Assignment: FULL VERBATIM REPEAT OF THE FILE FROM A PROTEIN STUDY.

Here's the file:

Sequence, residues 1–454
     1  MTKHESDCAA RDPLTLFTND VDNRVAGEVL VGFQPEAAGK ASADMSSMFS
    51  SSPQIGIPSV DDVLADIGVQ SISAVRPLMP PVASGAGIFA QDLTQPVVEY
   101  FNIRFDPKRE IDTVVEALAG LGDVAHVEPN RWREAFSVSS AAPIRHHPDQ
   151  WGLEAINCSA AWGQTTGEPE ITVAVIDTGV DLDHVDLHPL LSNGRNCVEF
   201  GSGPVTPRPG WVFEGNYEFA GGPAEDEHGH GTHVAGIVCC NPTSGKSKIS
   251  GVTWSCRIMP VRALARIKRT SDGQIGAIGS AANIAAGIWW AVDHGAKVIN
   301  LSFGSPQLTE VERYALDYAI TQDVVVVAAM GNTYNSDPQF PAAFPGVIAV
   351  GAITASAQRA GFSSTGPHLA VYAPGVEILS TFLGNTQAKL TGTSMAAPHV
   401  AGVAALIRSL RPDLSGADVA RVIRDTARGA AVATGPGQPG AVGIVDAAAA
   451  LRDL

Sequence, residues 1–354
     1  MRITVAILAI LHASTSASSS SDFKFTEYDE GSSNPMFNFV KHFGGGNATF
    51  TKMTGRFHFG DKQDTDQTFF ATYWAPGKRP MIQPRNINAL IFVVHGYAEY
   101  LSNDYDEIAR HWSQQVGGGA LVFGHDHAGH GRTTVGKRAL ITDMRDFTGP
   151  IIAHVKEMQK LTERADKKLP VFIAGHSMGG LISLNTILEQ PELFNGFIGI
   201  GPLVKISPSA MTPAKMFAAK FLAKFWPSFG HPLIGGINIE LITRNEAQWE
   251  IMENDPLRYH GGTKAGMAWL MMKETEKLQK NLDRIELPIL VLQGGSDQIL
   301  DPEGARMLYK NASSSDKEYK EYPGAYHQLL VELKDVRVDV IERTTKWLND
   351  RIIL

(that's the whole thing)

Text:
Sequence, residues 1–454
     1  MTKHESDCAA RDPLTLFTND VDNRVAGEVL VGFQPEAAGK ASADMSSMFS
    51  SSPQIGIPSV DDVLADIGVQ SISAVRPLMP PVASGAGIFA QDLTQPVVEY
   101  FNIRFDPKRE IDTVVEALAG LGDVAHVEPN RWREAFSVSS AAPIRHHPDQ
   151  WGLEAINCSA AWGQTTGEPE ITVAVIDTGV DLDHVDLHPL LSNGRNCVEF
   201  GSGPVTPRPG WVFEGNYEFA GGPAEDEHGH GTHVAGIVCC NPTSGKSKIS
   251  GVTWSCRIMP VRALARIKRT SDGQIGAIGS AANIAAGIWW AVDHGAKVIN
   301  LSFGSPQLTE VERYALDYAI TQDVVVVAAM GNTYNSDPQF PAAFPGVIAV
   351  GAITASAQRA GFSSTGPHLA VYAPGVEILS TFLGNTQAKL TGTSMAAPHV
   401  AGVAALIRSL RPDLSGADVA RVIRDTARGA AVATGPGQPG AVGIVDAAAA
   451  LRDL

Sequence, residues 1–354
     1  MRITVAILAI LHASTSASSS SDFKFTEYDE GSSNPMFNFV KHFGGGNATF
    51  TKMTGRFHFG DKQDTDQTFF ATYWAPGKRP MIQPRNINAL IFVVHGYAEY
   101  LSNDYDEIAR HWSQQVGGGA LVFGHDHAGH GRTTVGKRAL ITDMRDFTGP
   151  IIAHVKEMQK LTERADKKLP VFIAGHSMGG LISLNTILEQ PELFNGFIGI
   201  GPLVKISPSA MTPAKMFAAK FLAKFWPSFG HPLIGGINIE LITRNEAQWE
   251  IMENDPLRYH GGTKAGMAWL MMKETEKLQK NLDRIELPIL VLQGGSDQIL
   301  DPEGARMLYK NASSSDKEYK EYPGAYHQLL VELKDVRVDV IERTTKWLND
   351  RIIL